Greetings again, fellow lit lovers. This week, I’m going to share with you five of my favorite unreliable narrators in fiction. But first, let’s start by explaining what an unreliable narrator actually is. Is it a narrator who just lies through his teeth? One trapped in the grips of madness or addiction? How does the narrator become ‘unreliable?’
To boil it down into the simplest terms possible, unreliable narrators tell a story readers cannot take at face value. The good folks at American Literature have a great post explaining the trope with examples. Essentially, when we read a story featuring an unreliable narrator, we can’t be sure the events are being described to us truthfully and accurately. The narrator has their own agenda and offers the story from their perspective. They might be deliberately misleading readers by distorting events or concealing critical information. Perhaps they’re straight-up evil, or insane (think Poe), or too young to understand the full situation. Maybe they misremember things, or maybe they intentionally lie to paint themselves in a better light to justify their actions. Whatever the reason, readers know to be wary when trusting an unreliable narrator.
But why would an author choose an unreliable narrator to tell their story? Well, to some extent we can all be regarded as unreliable narrators. When we tell a story, our description of the events gets filtered through our own unique backgrounds, beliefs, and preconceived prejudices. The way we interpret Cousin Mary’s disaster of a wedding might differ from how she viewed her special day. This can be true of even the most honest, noble, selfless people alive.
Authors may choose unreliable narrators for a variety of reasons. Perhaps the story’s emotional arc is more powerful when told from the child’s perception. Maybe the narrator’s change in beliefs or biases is a crucial part of the character arc. Maybe the main character is struggling with substance abuse or mental health issues, or maybe they aren’t as crazy as everyone around them seems to think. As the saying goes, every villain is the hero of their own story.
It’s been said before the plot of thriller novels are driven by the antagonist. But what happens when your main character is his own worst enemy? What about when the most hazardous obstacles exist within the character’s own mind? Welcome to the pleasure of crafting a psychological thriller starring an unreliable narrator!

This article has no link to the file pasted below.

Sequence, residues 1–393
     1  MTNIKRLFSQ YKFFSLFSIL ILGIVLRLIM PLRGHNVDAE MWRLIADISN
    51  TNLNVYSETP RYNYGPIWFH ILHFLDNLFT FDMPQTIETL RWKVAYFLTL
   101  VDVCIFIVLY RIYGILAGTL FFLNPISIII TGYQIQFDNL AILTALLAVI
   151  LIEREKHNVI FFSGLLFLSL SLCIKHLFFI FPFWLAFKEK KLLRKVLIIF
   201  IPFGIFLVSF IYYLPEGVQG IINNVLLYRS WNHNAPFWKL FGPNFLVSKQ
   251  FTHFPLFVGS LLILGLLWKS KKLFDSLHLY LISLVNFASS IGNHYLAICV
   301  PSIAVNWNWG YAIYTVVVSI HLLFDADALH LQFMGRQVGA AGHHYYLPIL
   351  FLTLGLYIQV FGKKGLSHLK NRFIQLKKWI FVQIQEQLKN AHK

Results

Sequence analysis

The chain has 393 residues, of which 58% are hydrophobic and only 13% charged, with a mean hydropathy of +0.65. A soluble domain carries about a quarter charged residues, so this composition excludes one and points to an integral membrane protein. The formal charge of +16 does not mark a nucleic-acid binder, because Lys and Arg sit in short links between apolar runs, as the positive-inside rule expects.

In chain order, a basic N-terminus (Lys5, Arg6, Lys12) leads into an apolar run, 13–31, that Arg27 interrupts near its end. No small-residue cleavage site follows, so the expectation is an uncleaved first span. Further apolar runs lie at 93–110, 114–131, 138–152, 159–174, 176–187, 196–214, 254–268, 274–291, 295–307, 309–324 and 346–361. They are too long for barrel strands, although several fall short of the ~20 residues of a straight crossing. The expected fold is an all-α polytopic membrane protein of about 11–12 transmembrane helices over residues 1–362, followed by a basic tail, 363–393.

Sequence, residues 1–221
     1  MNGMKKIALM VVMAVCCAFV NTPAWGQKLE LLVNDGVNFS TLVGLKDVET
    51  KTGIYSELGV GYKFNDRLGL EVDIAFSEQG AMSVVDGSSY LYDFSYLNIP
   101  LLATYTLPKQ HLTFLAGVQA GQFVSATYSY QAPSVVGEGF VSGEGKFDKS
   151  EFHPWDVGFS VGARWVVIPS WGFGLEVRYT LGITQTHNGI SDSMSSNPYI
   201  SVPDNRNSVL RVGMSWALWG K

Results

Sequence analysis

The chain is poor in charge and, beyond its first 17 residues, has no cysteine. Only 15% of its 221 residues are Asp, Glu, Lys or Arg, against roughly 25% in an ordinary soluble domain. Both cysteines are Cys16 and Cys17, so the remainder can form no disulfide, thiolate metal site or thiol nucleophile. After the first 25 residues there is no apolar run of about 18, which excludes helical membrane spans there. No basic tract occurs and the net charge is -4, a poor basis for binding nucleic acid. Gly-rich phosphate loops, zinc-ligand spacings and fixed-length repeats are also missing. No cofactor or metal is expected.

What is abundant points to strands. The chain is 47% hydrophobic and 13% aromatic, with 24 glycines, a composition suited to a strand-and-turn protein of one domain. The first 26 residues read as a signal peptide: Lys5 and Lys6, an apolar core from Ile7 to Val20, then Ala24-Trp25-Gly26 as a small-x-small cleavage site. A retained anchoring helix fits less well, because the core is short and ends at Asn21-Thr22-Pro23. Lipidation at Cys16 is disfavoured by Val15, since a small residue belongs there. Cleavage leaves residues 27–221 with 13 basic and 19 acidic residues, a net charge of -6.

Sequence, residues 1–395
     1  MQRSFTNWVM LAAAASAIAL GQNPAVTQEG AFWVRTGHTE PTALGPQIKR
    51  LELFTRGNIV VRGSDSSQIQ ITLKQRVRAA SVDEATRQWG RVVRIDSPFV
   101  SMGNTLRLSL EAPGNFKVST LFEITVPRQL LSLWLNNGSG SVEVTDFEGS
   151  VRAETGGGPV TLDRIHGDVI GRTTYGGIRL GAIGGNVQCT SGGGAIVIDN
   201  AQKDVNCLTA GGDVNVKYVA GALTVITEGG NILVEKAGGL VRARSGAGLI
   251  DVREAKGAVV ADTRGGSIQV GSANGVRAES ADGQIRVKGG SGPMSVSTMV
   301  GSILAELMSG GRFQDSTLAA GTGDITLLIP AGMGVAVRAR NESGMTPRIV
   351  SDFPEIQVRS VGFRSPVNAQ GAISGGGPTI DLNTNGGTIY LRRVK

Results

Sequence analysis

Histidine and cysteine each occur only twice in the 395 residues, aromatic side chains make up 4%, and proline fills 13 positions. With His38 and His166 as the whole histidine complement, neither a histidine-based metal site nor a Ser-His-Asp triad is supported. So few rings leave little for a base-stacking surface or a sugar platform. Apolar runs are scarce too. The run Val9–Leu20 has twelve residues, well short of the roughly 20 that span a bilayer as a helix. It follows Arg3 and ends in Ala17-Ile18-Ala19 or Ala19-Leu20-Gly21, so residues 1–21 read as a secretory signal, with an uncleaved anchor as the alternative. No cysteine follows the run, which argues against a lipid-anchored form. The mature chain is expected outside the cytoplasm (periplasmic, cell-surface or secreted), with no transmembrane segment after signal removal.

Is your interest piqued yet? If so, this next part is for you. Here are five of my favorite unreliable narrators in fiction.
Both Amy and Nick in Gillian Flynn’s Gone Girl (Though I’m admittedly partial to Amy).
To call Amy and Nick’s marriage dysfunctional is a bit of an understatement. Nick opens the book by fantasizing about cracking his wife’s skull open so he can hear her thoughts. When Amy goes missing, the story only heats up. Neither of these characters are especially likable, but they deserve each other in the truest sense of the phrase.
Edgar Allan Poe’s The Tell-Tale Heart
When a narrator begins by insisting he isn’t crazy, it’s usually safe to assume he’s nuts.
Christopher John Francis Boone in Mark Haddon’s The Curious Incident of the Dog in the Nighttime
While most unreliable narrators are thought of as malicious or troubled, Christopher John Francis Boone is a fifteen-year-old boy with autism who sets out to solve the murder of his neighbor’s dog. Because of his age and his disorder, events are filtered through Boone’s perspective in an interesting way. He doesn’t always understand what’s going on around him, and the reader is often left to piece together context clues the narrator has missed. It’s a sweet story, but parts of this book broke my heart.
The unnamed insomniac narrator in Chuck Palahniuk’s Fight Club
One of the few cases where the movie is slightly better than the book, but not by much! If you haven’t read Fight Club, I suggest diving in if only to see how Palahniuk handles his big plot twist in writing.
Humbert Humbert in Vladimir Nabokov’s Lolita
Trigger warning: this one is not for the faint-hearted. Humbert Humbert is a pedophile detailing his obsession and eventual affair with his young stepdaughter. While it’s masterfully written, the content is easily the most disturbing on this list. It took me a long time to power my way through this one.
Unreliable narrators can be confusing and frustrating when written poorly. The novels listed above do a wonderful job of introducing readers to this narrative device. While I’ll probably never pick up Lolita again, the others each have a special place in my heart years after reading them.
How do you feel about unreliable narrators in fiction? Do you love the surprises and plot twists? Loathe the confusion? Did I leave out one of your favorites? Have an awesome recommendation to add? Feel free to leave a comment below!
Happy weekend, deviants!